Vatican City ( Agenzia Fides) - "We need to separate religion and politics. Nothing is worse, in this situation, than a confessional approach. Syria is a country full of ethnic and religious diversity.
Among Christians and non-Christians there are very different political views, even though today the majority of Syrians are forced into silence by violence". This is what Fr. Bahjat Karakach OFM, Syrian friar of Aleppo, postulants director of the "Holy Land Custody" explains, engaged in the formation of young people who intend to profess the rule of Saint Francis.
Fides Agency interviewed him.
Fr. Karakach, do you have direct news from Aleppo?
According to the information that our friars send us, Aleppo is blocked in a spiral of violence. Humanitarian conditions have been at high risk for a long time, in some areas there is frequently lack of electricity and water, food prices are very high in a context of increasing poverty. Aleppo is the city that today is suffering most. The second Syrian city has a single road, rigidly controlled by the opposition that open and close it as and when they want .
How is the Franciscan charism of peace and proximity to every man in this dramatic context lived?
The simple and friendly approach towards every man is part of our Franciscan DNA. While other voices have been raised to arm oneself or flee, our friars are present next to those who are suffering, armed only with their faith and charity. We Franciscans are committed in Syria, especially in giving comfort and closeness to all, Christians and non-Christians. In Aleppo our churches are at the disposal of some Christian communities of other faiths, unable to reach their churches to pray. And our convents welcome displaced people of different religions. Through our Order, material aid reach the people most in need, without discrimination.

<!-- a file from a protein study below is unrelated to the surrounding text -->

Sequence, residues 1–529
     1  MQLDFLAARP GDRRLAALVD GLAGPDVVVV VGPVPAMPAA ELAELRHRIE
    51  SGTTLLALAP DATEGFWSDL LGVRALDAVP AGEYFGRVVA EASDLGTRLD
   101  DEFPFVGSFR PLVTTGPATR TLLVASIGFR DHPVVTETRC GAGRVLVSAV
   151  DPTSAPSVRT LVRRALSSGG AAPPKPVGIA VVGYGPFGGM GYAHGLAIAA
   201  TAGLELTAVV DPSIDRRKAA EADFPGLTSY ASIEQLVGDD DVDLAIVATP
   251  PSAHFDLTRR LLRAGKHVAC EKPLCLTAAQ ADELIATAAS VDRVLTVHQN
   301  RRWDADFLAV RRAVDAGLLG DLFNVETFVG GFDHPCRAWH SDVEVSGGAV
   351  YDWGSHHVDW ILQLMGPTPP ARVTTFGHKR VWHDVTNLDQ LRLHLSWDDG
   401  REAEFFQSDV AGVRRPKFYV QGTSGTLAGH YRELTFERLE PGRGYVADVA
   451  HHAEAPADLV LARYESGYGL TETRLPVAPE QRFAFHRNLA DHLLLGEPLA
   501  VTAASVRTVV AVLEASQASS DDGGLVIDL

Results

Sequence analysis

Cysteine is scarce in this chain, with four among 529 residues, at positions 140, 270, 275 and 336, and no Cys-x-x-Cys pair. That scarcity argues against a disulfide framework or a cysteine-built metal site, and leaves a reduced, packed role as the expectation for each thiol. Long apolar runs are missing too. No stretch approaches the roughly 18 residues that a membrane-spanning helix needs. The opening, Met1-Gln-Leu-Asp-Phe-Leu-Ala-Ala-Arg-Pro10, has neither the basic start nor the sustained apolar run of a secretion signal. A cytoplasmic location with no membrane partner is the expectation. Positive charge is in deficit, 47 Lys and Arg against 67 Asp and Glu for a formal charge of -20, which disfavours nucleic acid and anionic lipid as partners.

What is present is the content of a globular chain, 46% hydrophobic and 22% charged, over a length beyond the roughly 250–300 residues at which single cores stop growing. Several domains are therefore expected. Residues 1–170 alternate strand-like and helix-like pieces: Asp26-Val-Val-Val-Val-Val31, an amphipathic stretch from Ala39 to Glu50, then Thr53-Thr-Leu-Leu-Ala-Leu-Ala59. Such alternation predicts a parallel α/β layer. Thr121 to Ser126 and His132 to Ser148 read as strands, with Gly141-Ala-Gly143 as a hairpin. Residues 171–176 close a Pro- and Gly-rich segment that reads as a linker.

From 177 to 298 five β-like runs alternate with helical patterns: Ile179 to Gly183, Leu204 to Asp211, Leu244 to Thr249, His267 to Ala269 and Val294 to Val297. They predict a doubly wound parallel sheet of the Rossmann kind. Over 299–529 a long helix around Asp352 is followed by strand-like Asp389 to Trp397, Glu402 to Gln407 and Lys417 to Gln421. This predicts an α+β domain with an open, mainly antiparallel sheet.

According to some observers "the Syrian Christians are close to Assad". How do you respond to this simplification?
I think we need to separate religion and politics. Nothing is worse, in this situation, than a confessional approach. Syria is a country full of ethnic and religious diversity. And while religious fundamentalism forments, 'minorities' pay the consequences. Not only Christians but all minorities live in fear of being persecuted and suppressed. Today, on the ground of the opposition, fundamentalist tendency greatly prevails. There are also individuals and opponent groups that do not share the ideology of Al Qaeda, it is true, but unfortunately this does not count much at a political level. The fact remains that among Christians and non-Christians there are very different political views, although at present the majority of Syrians - of all religious and ethnic affiliations – are forced into silence because they do not agree with the violence that is devastating the country.
After the Pope’s vigil for peace and the Holy See's diplomatic efforts, how would you judge the prospects for a peaceful resolution of the conflict?
We all touched the miracle of the prayer vigil celebrated by the Pope in St. Peter’s square: immediately after, the danger of a military attack on Syria was reduced. Through fasting and prayer we Christians can sustain hope and spread it where people are desperate. We must work to build the new Syria. I encourage everyone to keep the spirit of truth and hope, not to compromise with the culture of violence. We all know that the solution is demanding, not only for us Syrians, but also for many other nations, directly or indirectly involved in the conflict. All men of good will have the moral duty to urge their governments to a solution of peace and dialogue in Syria: this will be good for all of humanity. (PA) (Agenzia Fides 19/09/2013)